The Southwest region of US is a vast and remote land that has kept its wilderness beauty intact. The diversity of canyons and rock formations is truly without parallel in the world over. This is a land of harsh environment that invites the adventurous spirit. The effort is rewarded with breath-taking views of wildness all the way until the horizon.
Get inspired by the wild west beauty of this route and start your own.
Las Vegas is an excellent gateway to the Southwest region. It is easy to reach by flight and with plenty of cheap accommodation. We have used these quality to make a drive round tour, starting and ending in Las Vegas with a rental car.
Desert land is notorious for boiling hot weather but this region has often also heavy rains even in the summer. At higher altitude, as is the case of Bryce Canyon, the temperature is cooler and the breeze very comfortable for hikes. Everywhere else in this route, make sure you take always several liters of water with you.
- Region: North America
- Country: United States
- States: Nevada (NV), Arizona (AZ), Utah (UT)
- Route Distance: approx. 4000 km
- Trip Duration: 11 days
- Time of year: July 2018
Highlights – Part 1
Highlights – Part 2
Photos & Maps
All photos used in this post can be browsed in large size in the post Southwest Canyons – Gallery in the section Galleries.
To explore the places of this route in an interactive map, follow the post Southwest Canyons – Maps in the section Maps.
Southwest Canyons – Part 1
The first stretch of this route covers the south of the Grand Canyon and the area around Monument Valley. This region is the focus of Part 1 of the route that starts in Las Vegas takes the drive mostly in northern Arizona and entering in Utah to end in Bluff.
The route stops with distances covers are listed below:
Las Vegas – Kingman
Historic Route 66
Kingman – Seligman
Seligman – Grand Canyon Village – Desert View Tower
East Grand Canyon
Desert View Tower – Little Colorado River – Kayenta
Kayenta – Monument Valley – Road 163
North Monument Valley
Road 163 – Bluff
Historic Route 66
This trip starts in Las Vegas. heading towards southeast. The drive stretch Las Vegas to Grand Canyon Village in Arizona, is a long drive along the south of Grand Canyon and passing through Kingman and Seligman.
A few dozen miles after entering the state of Arizona on Road 93, there is a sign to the famous Grand Canyon Skywalk. The famous glass bridge that attracts half-day visitors from Las Vegas to peak into Grand Canyon. To enter the reserve where the Skywalk is located, there is a price of close to 50 USD per person and more to get to the bridge itself. If you continue to Grand Canyon Village, you will see better views and should skip this attraction altogether.
Between Kingman and Seligman, there is an excellent picturesque drive, an old stretch of the Historic Route 66 (AZ 66) in Arizona. We recommend to take this road and slow the pace to absorb the landscape. If instead you are short on time, a much faster way is to continue on I 40 to Seligman.
This town is a great opportunity to stop for a break in the long drive from Las Vegas, find a place to eat and take some rest. Seligman is a sleepy town but it has a few very interesting cafes, souvenir shops and accommodations. We were immediately attracted by a nice looking spot with a characteristic Route 66 theme, Route 66 Road Runner cafe/shop. There is decent food and coffee, a large selection of souvenirs, but it is the eye-catching decoration outdoor and indoor what makes this place special.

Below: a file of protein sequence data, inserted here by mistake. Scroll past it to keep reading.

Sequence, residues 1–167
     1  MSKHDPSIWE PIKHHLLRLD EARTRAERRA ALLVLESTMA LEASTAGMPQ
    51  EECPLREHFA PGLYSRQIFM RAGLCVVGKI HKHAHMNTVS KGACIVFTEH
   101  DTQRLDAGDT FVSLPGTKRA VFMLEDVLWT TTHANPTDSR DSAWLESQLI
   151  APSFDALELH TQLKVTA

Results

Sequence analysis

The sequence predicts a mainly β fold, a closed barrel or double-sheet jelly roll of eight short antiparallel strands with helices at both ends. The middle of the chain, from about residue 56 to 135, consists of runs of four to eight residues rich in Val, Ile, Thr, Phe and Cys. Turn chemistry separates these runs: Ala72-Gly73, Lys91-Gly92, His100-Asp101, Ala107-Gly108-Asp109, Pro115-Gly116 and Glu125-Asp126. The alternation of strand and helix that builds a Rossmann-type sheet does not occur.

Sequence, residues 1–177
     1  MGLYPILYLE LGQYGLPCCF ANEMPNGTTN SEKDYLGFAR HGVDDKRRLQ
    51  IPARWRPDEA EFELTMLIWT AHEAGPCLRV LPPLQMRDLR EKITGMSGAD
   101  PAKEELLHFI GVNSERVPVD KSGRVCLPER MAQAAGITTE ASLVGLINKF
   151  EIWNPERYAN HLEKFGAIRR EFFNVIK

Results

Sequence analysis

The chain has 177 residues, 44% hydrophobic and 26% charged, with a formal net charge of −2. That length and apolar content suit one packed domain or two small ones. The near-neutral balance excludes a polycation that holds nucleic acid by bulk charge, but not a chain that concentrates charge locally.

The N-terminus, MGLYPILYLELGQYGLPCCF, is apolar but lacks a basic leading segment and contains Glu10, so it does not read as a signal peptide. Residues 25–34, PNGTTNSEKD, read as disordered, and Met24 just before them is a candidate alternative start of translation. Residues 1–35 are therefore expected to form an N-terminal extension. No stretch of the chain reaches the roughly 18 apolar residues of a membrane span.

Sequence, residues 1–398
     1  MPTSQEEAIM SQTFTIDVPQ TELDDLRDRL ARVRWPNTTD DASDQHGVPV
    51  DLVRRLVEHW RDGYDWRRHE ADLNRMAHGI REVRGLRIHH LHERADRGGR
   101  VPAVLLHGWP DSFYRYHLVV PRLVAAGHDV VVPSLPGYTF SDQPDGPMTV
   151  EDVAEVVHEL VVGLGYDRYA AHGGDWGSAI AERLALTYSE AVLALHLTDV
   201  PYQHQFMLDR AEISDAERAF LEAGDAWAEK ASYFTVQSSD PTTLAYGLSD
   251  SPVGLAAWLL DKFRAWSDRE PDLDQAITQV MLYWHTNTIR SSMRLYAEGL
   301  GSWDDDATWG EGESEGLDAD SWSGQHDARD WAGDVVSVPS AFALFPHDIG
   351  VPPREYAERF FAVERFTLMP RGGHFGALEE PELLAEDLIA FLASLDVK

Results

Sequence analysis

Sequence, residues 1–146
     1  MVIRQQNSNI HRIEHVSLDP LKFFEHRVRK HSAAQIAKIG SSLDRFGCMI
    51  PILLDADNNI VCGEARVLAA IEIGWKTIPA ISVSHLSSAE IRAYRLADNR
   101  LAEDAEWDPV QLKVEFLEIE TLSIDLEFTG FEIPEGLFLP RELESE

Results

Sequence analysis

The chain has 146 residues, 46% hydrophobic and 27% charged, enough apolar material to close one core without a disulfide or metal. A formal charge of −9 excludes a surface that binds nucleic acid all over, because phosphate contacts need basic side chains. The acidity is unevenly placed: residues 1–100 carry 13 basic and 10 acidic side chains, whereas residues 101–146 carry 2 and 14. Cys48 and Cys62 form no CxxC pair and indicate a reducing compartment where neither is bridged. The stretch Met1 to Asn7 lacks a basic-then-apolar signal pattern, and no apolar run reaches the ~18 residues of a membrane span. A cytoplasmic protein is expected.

Suggestions – Historic Route 66
Leaving Seligman behind, we head towards Tusayan and Grand Canyon Village. As we get closer to Tusayan, a more green landscape with large trees appears, this is part of the Kaibab National Forest. The Grand Canyon National Park entry gates are located shortly after Tusayan. We have purchased the National Parks Service ticket at the park gates, but these can also be purchased at their office in Tusayan. If you plan to visit more than two national parks, buy the one-year access ticket as it is the most convenient and affordable (80 USD to access to all national parks country-wide).
Grand Canyon Village is an historic little town with several beautiful lodges along the ridge of Grand Canyon. There is very scarce accommodation, so book ahead if coming on high season. The lodges along the rim are excellent for sunset and sunrise walks. We stayed at, and highly recommend, the Bright Angel Lodge which managed by the national park. You can also get to the village by train, a very picturesque way to cross the landscape and arrive here. This place has an impressive history of more than 100 years attracting visitors and a sustainable nature tourism infrastructure with wooden lodges.
The village is an excellent base for a few days with many hiking possibilities along the canyon for all ranges of difficulty. It is also surrounded by trees which offers pleasantly refreshing forest walks.
To both sides of Grand Canyon Village, the walking paths along the canyon rim are very well marked and flat, which makes them perfect for visitors of any age or physical conditions. The views from the rim at different points of the above walks are all overwhelming. While some of the viewpoints can be full of people with selfie sticks, once out of the village it is easy to keep walking and escape crowds. There are also bus routes that serve the main viewpoints and make it possible to do single way hikes to the more distant points. The viewpoints surrounding the village that we found more spectacular were: